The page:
Canada’s economy is one of the world’s most significant and most stable. The Canadian economy closely resembles that of its southern neighbor, the United States. Aside from having similar patterns of production and living standards, Canada also adopts a market-oriented economic system that combines private enterprises and government regulation.
Three primary industries in Canada include the service industry, manufacturing, and natural resources sectors. As these sectors grow and develop, the need for qualified and qualified workers becomes a necessity.
Canada’s service industry dominates three-quarters of the population. Other important sectors include transportation, timber, paper products, minerals, natural gas, fish products, and chemicals. The country is one of the largest companies producing natural metals such as gold, nickel, aluminum, and crude oil. Canada has the second-largest oil reserves in the world.
Through immigration, Canadian industries employ many skilled and semi-skilled foreign workers trained. Working and living in Canada as a skilled or semi-skilled worker allows you to apply for Canadian permanent residency status. This means that you and your family will live and settle in Canada.
Canada takes pride in providing excellent social services, primarily the publicly funded health care system known as Medicare.
Canada is famous for its tolerance and respect for human rights and social justice. Internationally, Canada has a strong record of standing up to discrimination and injustice. Respect for human rights and personal freedom is firmly established, both of which are constitutionally enshrined in the Canada Charter of Rights and Freedoms.
Given the rich history of immigration, Canada much welcomes the multicultural community. Canada always needs newcomers’ skills, talents, and enthusiasm to continue growing and contributing to its economy.
Today, Canada is home to immigrants from all over the world and continues to attract people from across the globe who want to immigrate to Canada and live there.
Immigrants are attracted to this beautiful country, where they promise stability, prosperity, and peace.
Canadian Work Force
Canada has a workforce of over 18 million people. The Canadian workforce is divided between several industries. According to the latest data available for 2015, 2 percent worked in agriculture, 13 percent in manufacturing, 6 percent in construction, 76 percent in services, and another 3 percent in other industries.
Although Canada ranks ninth in terms of the labor force participation rate in the world, Canada faces an aging workforce problem. Between 1991 and 2001, the average age of the Canadian workforce grew from 37.1 to 39 years.
By 2010, 15.9 percent of the population was over the age of 65, 68.5 percent between the ages of fifteen and sixty-four, while it was 15.7 percent at the age of fourteen and under. In 2011, Canada’s population growth rate was meager by 0.794 percent.
As such, Canada has since resorted to immigration to compensate for its lack of skilled workers alongside an older workforce. According to population data, Canadian immigrants during the 1990s accounted for nearly 70 percent of the labor force growth in the past decade.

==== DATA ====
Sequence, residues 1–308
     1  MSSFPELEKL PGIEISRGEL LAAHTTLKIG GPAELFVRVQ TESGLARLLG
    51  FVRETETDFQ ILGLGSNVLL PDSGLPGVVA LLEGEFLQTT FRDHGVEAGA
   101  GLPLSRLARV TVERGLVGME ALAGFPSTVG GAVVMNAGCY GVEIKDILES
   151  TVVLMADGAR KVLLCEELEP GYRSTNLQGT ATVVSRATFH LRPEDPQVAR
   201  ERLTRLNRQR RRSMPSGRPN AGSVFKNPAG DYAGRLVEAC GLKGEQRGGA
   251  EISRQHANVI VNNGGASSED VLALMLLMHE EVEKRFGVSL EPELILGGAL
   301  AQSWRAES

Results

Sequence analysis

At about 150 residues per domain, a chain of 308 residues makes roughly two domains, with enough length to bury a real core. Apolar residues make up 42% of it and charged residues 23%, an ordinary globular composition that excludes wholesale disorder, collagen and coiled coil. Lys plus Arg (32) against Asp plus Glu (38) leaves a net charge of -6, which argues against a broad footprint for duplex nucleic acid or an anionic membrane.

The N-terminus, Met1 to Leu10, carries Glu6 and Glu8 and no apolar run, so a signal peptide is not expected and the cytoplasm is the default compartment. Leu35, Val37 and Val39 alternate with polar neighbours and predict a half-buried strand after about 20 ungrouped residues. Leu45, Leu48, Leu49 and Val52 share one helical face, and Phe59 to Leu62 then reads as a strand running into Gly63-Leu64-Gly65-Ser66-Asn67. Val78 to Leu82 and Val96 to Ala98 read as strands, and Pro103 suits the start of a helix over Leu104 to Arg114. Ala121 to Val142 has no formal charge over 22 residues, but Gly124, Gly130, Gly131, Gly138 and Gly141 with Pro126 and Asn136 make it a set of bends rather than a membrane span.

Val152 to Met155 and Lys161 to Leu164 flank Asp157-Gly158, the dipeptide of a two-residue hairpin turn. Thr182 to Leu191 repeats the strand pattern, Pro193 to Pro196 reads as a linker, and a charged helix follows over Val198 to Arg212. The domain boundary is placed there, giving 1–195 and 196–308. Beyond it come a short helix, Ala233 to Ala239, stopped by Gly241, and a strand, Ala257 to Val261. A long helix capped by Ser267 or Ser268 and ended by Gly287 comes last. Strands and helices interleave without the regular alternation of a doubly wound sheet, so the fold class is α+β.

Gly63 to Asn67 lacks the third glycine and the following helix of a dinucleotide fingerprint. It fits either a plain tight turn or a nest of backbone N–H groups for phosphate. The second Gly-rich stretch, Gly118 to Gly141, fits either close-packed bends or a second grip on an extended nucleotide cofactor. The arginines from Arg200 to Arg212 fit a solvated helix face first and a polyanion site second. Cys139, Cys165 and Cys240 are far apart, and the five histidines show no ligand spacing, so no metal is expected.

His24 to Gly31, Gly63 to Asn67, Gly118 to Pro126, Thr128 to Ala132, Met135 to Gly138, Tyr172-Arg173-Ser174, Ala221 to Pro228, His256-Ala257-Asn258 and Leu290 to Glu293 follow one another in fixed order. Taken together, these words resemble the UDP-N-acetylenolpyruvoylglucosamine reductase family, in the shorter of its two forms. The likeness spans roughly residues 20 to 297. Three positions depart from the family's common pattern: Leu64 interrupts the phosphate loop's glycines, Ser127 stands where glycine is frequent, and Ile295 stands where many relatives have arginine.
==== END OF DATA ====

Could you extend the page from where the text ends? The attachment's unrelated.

Major industries in Canada
Despite contributing just 2 percent of Canada’s GDP, Canadian agricultural products are among the most widely requested products in the world. Canada is one of the largest suppliers of farm products in the world – they lead the world in lentils, flaxseeds, mustard seeds, and peas, and among the top ten producers of barley, cranberries, cranberries, mixed grains, oats, turnip seeds, ham, wheat, and Turkey. Berries, rye, soybeans, beef, mushrooms, chickpeas, and corn.
Although the Canadian agricultural industry has benefited from government support and support, Canada has been an advocate of reducing market support from the World Trade Organization. In 2011, Canada used only $ 848.2 million of the $ 4.3 billion subsidy allowance granted by the World Trade Organization.
The industry is an equally important part of Canada’s economy and society. After rising for several consecutive years, Canada’s industrial growth rate, which measures the annual percentage increase in the country’s manufacturing, mining and construction sectors, fell by 8 percent in 2009 as a result of the global financial crisis. However, industrial production has since recovered, and in 2010, the industrial production growth rate was 5.8 percent.
However, like all developed countries, services dominate Canada’s economy largely. The retail, business, education, and health sectors have benefited from modern technology and processes to be among the most valuable industries locally and globally.
Canada’s major banks, for example, managed to emerge from the global financial crisis to be among the most powerful banks in the world, thanks to the traditions of the financial industry of conservative lending practices and strong capitalization. Canadian business and banking industries remain among the fastest growing in the world and have the potential for further growth.